A couple of years back, Google introduced password breach warning messages. At that point in time, it was bundled with the Password Checkup extension. However, later on, it got added to your Google account. For the unaware, this feature will warn you if your account credentials are at risk in a data breach. It will then list out all the accounts that are at risk and will give you the appropriate options: either to change the password or delete the associated account.
This is quite a useful security mechanism incorporated by Google because manually doing the same not only calls for technical expertise but would also require too much effort to execute. So if it is such a valuable asset to the end-user, then why would they wish to stop Chrome’s breached password pop-up messages?
Well, the thing with these notifications is that they have become more intrusive and distractive than what would have been along the expected lines. Furthermore, in my case, I am getting these data breach warnings on my dummy Google account that I had created just for testing purposes. None of the accounts associated with that breach is of any security concern from my end.
With that said, there does exist a method to stop these breached passwords from pop-up messages in Chrome. And in this guide, we will make you aware of just that, both on your PC as well as your smartphone.
Stop Chrome Passwords Breached on Computer
Initially, the only way of disabling this warning message was through Chrome’s experimental flag known as Password Leak Detection. However, that remained only through the testing phase and was then removed.
After that, it made its way over to the Sync and Google Services section, however, it was removed even from there as well. At the time of writing, this option is currently settled under the Privacy and Security section.
Here are the steps to stop chrome password compromised on PC:
- Launch the Chrome browser on your machine.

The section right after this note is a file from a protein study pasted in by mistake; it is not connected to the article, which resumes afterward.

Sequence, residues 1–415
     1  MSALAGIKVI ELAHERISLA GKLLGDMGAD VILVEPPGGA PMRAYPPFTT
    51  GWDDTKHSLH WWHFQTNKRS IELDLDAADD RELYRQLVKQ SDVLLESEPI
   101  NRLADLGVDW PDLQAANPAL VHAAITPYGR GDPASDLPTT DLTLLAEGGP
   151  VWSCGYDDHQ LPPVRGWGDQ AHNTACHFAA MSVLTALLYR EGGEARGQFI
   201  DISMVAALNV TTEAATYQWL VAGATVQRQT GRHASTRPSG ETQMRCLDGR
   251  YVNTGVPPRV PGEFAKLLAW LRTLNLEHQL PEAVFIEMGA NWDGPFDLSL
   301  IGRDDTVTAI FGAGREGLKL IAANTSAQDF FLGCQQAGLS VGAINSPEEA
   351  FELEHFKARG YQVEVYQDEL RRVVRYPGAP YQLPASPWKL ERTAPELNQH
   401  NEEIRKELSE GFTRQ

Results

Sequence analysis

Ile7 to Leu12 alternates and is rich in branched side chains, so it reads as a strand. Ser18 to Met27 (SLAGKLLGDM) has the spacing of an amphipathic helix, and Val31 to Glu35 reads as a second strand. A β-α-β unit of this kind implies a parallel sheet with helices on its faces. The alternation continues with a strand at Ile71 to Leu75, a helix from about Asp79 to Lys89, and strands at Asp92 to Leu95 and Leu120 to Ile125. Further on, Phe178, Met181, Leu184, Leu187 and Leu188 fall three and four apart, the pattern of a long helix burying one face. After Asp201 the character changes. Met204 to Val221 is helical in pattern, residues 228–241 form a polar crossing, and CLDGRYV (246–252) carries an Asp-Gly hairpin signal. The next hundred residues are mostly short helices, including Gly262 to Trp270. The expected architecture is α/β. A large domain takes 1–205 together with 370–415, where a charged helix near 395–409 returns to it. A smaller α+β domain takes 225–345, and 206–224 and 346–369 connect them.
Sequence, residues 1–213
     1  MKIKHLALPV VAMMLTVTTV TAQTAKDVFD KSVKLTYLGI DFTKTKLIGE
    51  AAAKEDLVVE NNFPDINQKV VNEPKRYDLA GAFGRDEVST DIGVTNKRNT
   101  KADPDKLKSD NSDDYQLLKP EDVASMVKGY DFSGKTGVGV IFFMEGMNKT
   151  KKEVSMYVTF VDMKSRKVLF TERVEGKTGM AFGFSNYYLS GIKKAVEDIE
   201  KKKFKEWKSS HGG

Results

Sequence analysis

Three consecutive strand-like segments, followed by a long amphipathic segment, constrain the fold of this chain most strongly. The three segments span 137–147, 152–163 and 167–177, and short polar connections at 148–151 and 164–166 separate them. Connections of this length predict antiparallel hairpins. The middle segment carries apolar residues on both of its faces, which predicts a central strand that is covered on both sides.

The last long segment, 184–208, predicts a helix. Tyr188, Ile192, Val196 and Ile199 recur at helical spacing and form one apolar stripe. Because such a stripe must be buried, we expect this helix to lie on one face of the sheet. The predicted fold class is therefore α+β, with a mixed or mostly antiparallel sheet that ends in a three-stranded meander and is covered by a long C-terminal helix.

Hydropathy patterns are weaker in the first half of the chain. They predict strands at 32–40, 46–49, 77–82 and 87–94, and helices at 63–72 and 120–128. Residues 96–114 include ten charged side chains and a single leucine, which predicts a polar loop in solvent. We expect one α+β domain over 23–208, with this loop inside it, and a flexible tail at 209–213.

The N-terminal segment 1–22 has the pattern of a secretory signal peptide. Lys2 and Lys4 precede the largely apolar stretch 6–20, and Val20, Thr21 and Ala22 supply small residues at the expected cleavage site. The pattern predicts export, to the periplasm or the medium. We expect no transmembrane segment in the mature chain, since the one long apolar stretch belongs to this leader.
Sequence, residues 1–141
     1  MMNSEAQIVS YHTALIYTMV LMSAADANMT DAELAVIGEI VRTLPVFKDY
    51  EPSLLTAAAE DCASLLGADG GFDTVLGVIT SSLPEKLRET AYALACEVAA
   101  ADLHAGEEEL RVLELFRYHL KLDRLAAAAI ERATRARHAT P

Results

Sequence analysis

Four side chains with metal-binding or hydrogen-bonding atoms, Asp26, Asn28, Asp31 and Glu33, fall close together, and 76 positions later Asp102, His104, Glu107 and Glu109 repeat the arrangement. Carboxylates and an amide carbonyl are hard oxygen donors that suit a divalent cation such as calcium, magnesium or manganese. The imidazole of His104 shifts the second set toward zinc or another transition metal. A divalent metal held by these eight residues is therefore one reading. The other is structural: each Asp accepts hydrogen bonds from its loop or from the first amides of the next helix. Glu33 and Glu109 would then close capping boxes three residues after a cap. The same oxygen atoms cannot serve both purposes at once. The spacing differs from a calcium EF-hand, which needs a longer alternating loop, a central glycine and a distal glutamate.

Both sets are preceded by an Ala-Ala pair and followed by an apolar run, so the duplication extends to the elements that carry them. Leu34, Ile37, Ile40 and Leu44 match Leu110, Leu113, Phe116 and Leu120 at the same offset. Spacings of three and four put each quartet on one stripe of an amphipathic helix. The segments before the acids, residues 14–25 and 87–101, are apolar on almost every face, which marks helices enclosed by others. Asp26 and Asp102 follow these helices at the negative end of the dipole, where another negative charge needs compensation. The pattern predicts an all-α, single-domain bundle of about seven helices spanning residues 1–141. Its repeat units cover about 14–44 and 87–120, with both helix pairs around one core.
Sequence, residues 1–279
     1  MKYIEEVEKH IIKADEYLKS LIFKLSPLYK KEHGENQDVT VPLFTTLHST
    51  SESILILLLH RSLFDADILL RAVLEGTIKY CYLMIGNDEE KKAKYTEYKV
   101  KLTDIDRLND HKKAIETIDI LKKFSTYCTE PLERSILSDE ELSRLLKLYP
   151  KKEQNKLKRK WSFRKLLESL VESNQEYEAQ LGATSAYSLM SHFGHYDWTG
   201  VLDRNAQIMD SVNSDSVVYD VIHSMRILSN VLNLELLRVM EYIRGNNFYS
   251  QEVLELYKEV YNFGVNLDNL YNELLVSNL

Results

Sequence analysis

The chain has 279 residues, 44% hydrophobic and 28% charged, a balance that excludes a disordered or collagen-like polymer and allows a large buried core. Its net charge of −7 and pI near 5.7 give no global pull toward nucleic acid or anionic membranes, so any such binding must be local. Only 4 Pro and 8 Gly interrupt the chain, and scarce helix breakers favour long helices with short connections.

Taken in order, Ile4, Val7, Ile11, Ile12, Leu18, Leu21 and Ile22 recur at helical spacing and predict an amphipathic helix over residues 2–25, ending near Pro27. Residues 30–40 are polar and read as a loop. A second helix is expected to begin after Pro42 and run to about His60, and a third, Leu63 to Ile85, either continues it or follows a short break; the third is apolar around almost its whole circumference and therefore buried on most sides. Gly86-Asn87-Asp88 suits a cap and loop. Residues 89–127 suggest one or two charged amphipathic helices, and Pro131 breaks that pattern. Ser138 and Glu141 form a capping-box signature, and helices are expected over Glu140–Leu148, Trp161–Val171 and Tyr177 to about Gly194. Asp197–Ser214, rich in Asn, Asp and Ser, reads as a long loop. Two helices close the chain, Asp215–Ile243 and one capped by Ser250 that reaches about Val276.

- Click on the situated at the top right and select Settings menu.
- Switch to the Privacy and Security tab, and click on Security.
- Disable the Warn you if passwords are exposed in a data breach toggle to stop the alert.
While it’s good to see that Google has given an option to disable this functionality, but the lack of stability in settling for its final location might prove to be confusing for the end-user.
Stop Chrome Compromised Password on Android
The option to turn off the password breach notifications is buried deep inside Chrome’s Android build, and requires a little bit of digging. Well, we have done the same so that you don’t have to.
Here are the required steps to disable this pop-up warning on your smartphone:
- Launch the Chrome browser on your Android.
- Tap on situated at the top right and select Settings.
- Open Privacy and Security settings and head over to Safe Browsing.
- Tap on the situated next to Standard Protection.
- Turn off the Warn you if passwords are exposed in a data breach option.
Similar to its Windows counterpart, earlier you could access this option via the chrome flag. But then this feature quietly moved over to the Standard Protection section. This might again arise some confusion to the end-users as to the actual location of this feature.
Bottom Line: Chrome Passwords Compromised
So with this, we conclude the guide on how to stop the Chrome breached passwords pop up on your computer as well as on Android devices. This is an option to manually check the password breach in chrome for iOS and iPadOS under the Password settings page, however, it won’t alert or bug you as it does in android or computer.
While it is indeed a useful security addition to our Google Account, but at the same time, it might not check-mark the requirements for a few users.
As mentioned before, I have created a second Google account just for my blogging-related task and most of the saved passwords are of those accounts that aren’t of much security concern for me. And it turns out I wasn’t the only one.
One user has also echoed this exact thought process (although on a much larger scale!) on Google Support Forums and over 600 people have already upvoted his query. So there are quite a few users on the same boat and for them, they could now safely dock their ship as the query has finally been answered.
Lastly, here are the recommended web browsers for your computer and mobile phone that you should give a try.
|Chrome Windows||Chrome Mac||Chrome iOS||Chrome Android||Firefox Linux|
|Firefox Windows||Safari Mac||Safari iOS||Edge Android||Chrome Linux|
|Edge Windows||Firefox Mac||Edge iOS||Samsung Internet||Edge Linux|
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